Despite a rubbish summer our shared grapevine is doing well and is covered in grapes in various stages of ripening. The vine now runs the length of our boundary fence and still seems to keen stretch further.
Based on the last few years we should have many, many grapes available for friends and family in late March or early April.
One of the advantages of a long, hot and dry summer is that the country has many happy vintners. The 2013 vintage is shaping up as a cracker right across the country so if you’re a fan of New Zealand wine keep an eye out for some fabulous treats.
At our place we share a very old vine with our neighbours. Over the years it has spread it’s way down the boundary fence and now covers about half the length bringing that Italian feel from our back yard right down to the front door.
Every year it produces eating grapes and usually they are, how would you put it – sour, really sour. This year the long dry spell has been their saviour. Rich and sweet they have been a hit with our friends and rellies – so much so that friends planned a pick and run mission last weekend to clean out the last remaining bunches.
As a result, our grapes may not be up for grabs this year but any bottle of wine from New Zealand with 2013 on the label will be worth grabbing – believe me.
Over the last few days I have had the chance to travel down the east coast of the South Island from Picton to Christchurch. Along the way I called into Blenheim in the heart of the Marlborough wine region and … Continue reading →
Siena is full of restaurants and most of these are either fully or partially outdoor. This is particularly true of those that ring the Campo. In summer outdoor dining makes perfect sense with umbrellas or awnings giving protection from the … Continue reading →
Charlie and Isabel arrived on Saturday afternoon having travelled from north of Florence. I had suggested they text us when they got close to our place which, in this case, meant texting from the carpark “I think we are here”. The 3kms of dirt road make you wonder where the hell you are the first time you arrive.
We ambled out with the dogs and found them looking around wondering if this was our place or the home of some local family. Either way they would have been made to feel welcome.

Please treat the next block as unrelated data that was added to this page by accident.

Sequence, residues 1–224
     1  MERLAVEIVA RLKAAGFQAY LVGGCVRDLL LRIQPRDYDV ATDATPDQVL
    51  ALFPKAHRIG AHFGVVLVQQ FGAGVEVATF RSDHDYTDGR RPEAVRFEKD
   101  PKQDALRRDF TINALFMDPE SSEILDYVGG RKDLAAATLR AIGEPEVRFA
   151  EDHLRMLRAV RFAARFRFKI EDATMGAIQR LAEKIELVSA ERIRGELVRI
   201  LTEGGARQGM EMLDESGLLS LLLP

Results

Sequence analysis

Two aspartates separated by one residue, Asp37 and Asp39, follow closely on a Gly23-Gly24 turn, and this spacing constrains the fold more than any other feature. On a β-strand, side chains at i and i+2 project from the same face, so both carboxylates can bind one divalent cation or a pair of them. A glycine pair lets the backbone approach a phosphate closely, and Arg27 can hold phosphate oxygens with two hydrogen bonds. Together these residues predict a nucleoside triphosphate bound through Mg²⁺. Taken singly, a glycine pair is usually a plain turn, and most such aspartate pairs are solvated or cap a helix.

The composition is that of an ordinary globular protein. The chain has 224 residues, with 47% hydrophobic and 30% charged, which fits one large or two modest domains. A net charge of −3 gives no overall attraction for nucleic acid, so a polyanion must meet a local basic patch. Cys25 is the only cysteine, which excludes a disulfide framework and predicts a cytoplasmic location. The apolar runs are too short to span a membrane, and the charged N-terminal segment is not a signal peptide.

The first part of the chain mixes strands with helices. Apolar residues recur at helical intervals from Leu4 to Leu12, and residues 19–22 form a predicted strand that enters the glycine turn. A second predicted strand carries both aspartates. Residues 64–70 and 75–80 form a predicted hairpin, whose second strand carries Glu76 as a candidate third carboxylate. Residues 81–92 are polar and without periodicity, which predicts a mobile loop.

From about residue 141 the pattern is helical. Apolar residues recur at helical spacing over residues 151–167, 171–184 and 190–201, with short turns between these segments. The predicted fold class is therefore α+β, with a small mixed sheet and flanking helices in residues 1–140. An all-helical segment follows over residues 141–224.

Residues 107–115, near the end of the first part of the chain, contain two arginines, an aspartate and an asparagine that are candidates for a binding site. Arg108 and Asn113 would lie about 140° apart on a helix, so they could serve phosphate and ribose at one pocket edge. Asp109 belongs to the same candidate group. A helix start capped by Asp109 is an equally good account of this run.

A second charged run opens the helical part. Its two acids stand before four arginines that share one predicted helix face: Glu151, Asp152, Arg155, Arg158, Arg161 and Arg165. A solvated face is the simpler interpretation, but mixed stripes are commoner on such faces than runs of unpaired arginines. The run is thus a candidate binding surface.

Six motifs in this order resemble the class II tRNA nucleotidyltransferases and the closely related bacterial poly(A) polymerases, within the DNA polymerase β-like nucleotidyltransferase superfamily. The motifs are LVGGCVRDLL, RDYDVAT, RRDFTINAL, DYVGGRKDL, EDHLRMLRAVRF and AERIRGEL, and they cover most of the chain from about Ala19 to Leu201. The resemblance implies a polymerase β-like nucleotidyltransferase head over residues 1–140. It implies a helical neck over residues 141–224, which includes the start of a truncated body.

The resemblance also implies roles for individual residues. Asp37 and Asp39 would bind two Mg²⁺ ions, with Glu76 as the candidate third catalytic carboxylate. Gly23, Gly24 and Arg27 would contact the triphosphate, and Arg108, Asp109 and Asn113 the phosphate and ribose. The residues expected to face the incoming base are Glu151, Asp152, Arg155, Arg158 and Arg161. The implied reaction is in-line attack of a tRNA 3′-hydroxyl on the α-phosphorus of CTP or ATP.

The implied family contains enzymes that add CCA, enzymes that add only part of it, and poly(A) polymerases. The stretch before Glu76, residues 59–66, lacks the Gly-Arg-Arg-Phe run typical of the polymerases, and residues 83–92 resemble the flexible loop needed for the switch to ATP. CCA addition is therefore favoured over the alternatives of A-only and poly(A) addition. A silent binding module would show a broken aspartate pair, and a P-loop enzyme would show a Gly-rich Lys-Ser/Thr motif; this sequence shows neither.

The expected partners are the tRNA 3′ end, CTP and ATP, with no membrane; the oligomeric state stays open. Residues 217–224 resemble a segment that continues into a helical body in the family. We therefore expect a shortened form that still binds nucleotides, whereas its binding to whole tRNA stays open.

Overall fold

Dinner that night was at our local Pizza restaurant Le Campannia (other summer visitors will know this restaurant) which does excellent pizzas and provides endless free entertainment watching the antics of the locals.
Next morning was the All Black quarter final game so the entire team headed to the Campo at 9am to watch the game. Clearly word about our World Cup venue is getting out as there were already two holidaying kiwi couples waiting for the game – and with us that meant the crowd swelled to a record eight people. Nine counting an elderly Italian gentleman who joined us to support the French. He was a day late but still enjoyed the game.
Ninety minutes later it was “job well done” by the lads. Well sort of well done as there is still some work to do before meeting Australia – and a chance for a wander around Siena before lunch in the sun at Osteria del Bigelli which, once again, did not disappoint with the food.
Jean made her famous kiwi roast pork with gravy for dinner and we washed it down with a very nice Chianti courtesy of our guests.
Rugby, beer, wine, sightseeing and roast pork with gravy. A top day and a half.
In the last few days summer has really arrived in Tuscany. Temperatures have been around 30 degrees and the pace of life has slowed accordingly. Today we spent the middle of the day beside the pool and only when the temperature had dropped in the early evening did we venture out.
Jean and the girls at a cafe in Buonconvento
About 15 minutes down the road is the town of Buonconvento, a delightful place with an old town centre that has been developed over the years. We stayed in a villa only a couple of minutes from the town in 2004 and remember the town as utilitarian at best. Now it is a thriving tourist and artistic centre and definitely worth visiting if you are in the area.
The trip there and back is through farmland much of which is now planted in Sunflowers which are starting to bloom. When our visitors arrive in mid July, they should be looking great.
When we arrived back at the cottage the daily display that is the sunset was well underway. Although a camera can never do justice to this spectacle, here’s my best attempt.